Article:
Archbishop Desmond Tutu, famous for his role in ending apartheid, has called on South Africa to reject homophobic discrimination as part of a new LGBT global public education campaign by the United Nations Human Rights Office.

The campaign will focus on the need for both legal reforms and public education to counter homophobia and transphobia.

At a press conference held in Cape Town on Friday, UN High Commissioner for Human Rights Navi Pillay was joined by Archbishop Tutu and Justice Edwin Cameron of the South African Constitutional Court to announce the year-long project.

“Can you imagine me having said it’s unjust to penalise something they cannot do anything about, their race or gender, and then to keep quiet when people are hounded, people are killed, because of their sexual orientation?” Archbishop Tutu, a Nobel Prize winner pondered.

“I think it’s as utterly unjust as racism ever was.”

Archbishop Tutu said LGBT people were often described as being a “particular breed”.

“They are not a peculiar breed. That is precisely what we are saying, that they are human beings. I don’t know why we are so surprised. They have gifts, they can become judges. They can become all sorts of wonderful things.”

He added: “I would refuse to go to a homophobic heaven. No, I’d say sorry. I mean, I’d much rather go to that other place.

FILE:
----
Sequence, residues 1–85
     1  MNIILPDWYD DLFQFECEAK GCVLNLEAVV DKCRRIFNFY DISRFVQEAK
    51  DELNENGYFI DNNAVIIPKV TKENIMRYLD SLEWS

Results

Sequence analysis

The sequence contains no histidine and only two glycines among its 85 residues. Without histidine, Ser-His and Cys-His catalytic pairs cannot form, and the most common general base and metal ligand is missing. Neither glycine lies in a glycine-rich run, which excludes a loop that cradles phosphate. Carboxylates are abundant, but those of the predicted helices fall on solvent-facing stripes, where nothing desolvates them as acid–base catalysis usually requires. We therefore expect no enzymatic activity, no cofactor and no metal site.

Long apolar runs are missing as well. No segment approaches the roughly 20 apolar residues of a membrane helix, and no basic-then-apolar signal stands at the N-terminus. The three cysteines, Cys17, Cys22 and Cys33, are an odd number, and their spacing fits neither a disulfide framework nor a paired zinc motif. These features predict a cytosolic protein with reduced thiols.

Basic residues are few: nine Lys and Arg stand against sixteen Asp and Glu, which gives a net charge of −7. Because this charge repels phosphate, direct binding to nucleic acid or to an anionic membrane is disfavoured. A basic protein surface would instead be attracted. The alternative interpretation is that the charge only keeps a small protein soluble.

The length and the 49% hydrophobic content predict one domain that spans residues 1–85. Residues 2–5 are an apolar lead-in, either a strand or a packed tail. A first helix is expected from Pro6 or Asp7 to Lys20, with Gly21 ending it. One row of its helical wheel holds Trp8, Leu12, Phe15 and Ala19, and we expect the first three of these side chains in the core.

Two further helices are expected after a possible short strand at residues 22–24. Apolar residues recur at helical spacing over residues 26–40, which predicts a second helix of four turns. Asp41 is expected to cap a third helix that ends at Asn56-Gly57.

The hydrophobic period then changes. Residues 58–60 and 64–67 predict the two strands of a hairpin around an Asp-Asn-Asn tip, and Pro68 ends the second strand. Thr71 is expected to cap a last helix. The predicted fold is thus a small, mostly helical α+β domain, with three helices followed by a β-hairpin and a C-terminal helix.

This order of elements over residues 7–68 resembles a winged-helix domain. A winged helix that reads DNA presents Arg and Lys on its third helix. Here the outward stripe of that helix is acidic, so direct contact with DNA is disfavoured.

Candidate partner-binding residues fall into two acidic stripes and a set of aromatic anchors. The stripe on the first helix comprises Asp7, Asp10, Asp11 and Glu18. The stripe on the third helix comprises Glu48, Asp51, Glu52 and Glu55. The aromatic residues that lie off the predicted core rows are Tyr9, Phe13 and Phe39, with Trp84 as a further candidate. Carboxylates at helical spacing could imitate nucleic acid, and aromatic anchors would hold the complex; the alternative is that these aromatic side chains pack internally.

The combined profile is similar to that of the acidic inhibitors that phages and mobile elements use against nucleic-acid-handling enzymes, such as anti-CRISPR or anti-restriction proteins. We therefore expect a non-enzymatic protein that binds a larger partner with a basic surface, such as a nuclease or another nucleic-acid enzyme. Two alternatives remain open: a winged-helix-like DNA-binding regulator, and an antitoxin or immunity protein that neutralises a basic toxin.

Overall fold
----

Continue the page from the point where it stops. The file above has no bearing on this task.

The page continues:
“We have to build a society that is accepting and it is not a free society until every single person knows they are acknowledged and accepted for who they are.”

South Africa is the only African country that recognises gay rights and allows same-sex marriage. However, homophobic violence remains a key problem throughout the nation.

In South Africa, at least seven people, five of them lesbians, were murdered between June and November 2012.

The most recent murder of a 26-year-old lesbian occurred in Thokoza, east of Johannesburg, earlier this month.

The UN’s Free & Equal campaign aims to raise awareness of homophobic and transphobic violence and discrimination, and encourage greater respect for the rights of LGBT people.

“The Universal Declaration of Human Rights promises a world in which everyone is born free and equal in dignity and rights – no exceptions, no-one left behind,” said Navi Pillay. “Yet it’s still a hollow promise for many millions of LGBT people forced to confront hatred, intolerance, violence and discrimination on a daily basis.”